4 best practices to translate keywords for SEO

1) Compile your SEO keywords in a list

Assuming you have done your homework and you or your trusted SEO agency have performed keyword research in your native language, you should be ready to put together a list of all the keywords that matter for your business. You can start with your core keywords, those that bring the most traffic to your website, or add all of them to your list.

keywords list

2) Translate and localise your keywords

Now you need to translate your list of keywords. While using Google Translate or other machine translation technologies can be a good starting point, I recommend hiring a translator who knows the basics of SEO to check and localise your keywords.

Even better, ask your translator to provide 1 or 2 alternatives for each keyword together with the back translation in English for each term, so that you can have a better understanding of related terms that you may be able to target on the same page.

translation with 2 alternatives for each keyword

3) Use a keyword tool to evaluate keywords

Checking your keywords in a keyword research tool such as Semrush will help you understand how popular a keyword is and what the search volume is in a particular country. This step is a must if you want to make sure that you are targeting the best possible keywords for your audience.

Remember that the criteria for keyword selection are

  • Relevance: Only target keywords that are relevant to your page. A term like “swimming costume cruise” might get a ton of searches, but it does not fit well on a page about evening cruise wear.

  • Volume: This refers to the amount of traffic a keyword gets on a monthly basis. Ideally, your keywords will have some search volume.

  • Difficulty: How hard will it be for you to rank for a specific keyword? You may not want to use keywords that have high-difficulty ratings.

​Find out more about the ins and outs of keyword localisation in my SEO Translator Guide.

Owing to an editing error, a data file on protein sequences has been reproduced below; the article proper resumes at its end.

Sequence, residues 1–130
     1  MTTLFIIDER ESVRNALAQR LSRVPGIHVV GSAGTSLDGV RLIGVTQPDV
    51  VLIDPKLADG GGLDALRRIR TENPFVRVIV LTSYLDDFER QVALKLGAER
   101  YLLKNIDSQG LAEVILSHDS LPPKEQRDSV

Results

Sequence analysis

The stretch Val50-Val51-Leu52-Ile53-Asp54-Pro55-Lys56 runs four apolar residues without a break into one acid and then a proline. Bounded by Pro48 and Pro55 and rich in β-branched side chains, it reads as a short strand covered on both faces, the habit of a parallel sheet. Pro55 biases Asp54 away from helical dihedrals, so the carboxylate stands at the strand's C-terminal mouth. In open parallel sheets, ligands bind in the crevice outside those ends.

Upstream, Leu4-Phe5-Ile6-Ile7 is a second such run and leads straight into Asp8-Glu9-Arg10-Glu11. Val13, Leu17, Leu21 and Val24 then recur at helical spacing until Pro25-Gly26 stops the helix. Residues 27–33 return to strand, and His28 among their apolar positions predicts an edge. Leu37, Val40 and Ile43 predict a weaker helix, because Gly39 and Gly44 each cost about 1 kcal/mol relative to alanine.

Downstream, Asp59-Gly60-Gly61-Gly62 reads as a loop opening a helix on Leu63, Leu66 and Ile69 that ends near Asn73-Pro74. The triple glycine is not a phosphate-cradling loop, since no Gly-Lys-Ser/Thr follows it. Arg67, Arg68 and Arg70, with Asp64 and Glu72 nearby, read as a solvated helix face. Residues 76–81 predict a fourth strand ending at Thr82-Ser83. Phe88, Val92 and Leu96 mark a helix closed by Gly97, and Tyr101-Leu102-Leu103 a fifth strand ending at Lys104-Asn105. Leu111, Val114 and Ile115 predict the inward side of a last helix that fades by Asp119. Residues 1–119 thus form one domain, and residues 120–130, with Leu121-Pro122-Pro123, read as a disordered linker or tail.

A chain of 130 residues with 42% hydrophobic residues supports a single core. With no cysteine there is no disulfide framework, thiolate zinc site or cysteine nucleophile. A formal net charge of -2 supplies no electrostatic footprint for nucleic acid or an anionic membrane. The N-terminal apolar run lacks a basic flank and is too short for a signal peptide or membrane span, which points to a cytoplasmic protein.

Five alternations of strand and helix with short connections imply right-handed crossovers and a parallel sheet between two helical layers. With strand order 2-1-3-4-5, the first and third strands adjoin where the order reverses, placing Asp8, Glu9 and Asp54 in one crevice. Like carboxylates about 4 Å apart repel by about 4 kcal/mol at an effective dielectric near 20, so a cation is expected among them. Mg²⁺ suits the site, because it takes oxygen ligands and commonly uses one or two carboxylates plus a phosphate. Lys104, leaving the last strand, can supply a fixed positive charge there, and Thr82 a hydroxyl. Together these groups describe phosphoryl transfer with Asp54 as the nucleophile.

4) Put your keywords into action

Decide what you are going to do with your keywords. Can you rely on SEO translation services to translate your webpage using the keywords you compiled? Or do you need to adapt your existing webpage so that localised keywords fit better?

As part of your content localisation strategy, you may also explore new content opportunities and create blog posts that are relevant to your customers in different countries.

Wrapping up: getting the right keywords for your multilingual SEO campaign

If you are not familiar with the translation industry, you may still talk about keyword translation with your stakeholders (and that’s fine with me!), but I am sure what you want to get (regardless of what it is called) are the right keywords to increase qualified traffic and revenue from your website.

Roughly speaking, there are three options to translate your keywords:

  • Using machine translation technologies such as Google Translate

  • Hiring a translator to translate your keywords

  • Hiring an SEO translator to localise your keywords

Localising your keywords has many advantages over just translating your keywords because you will be able to find out what words and sentences your audience is really using.

If you need help getting the right keywords for your website in a new language, drop me a line.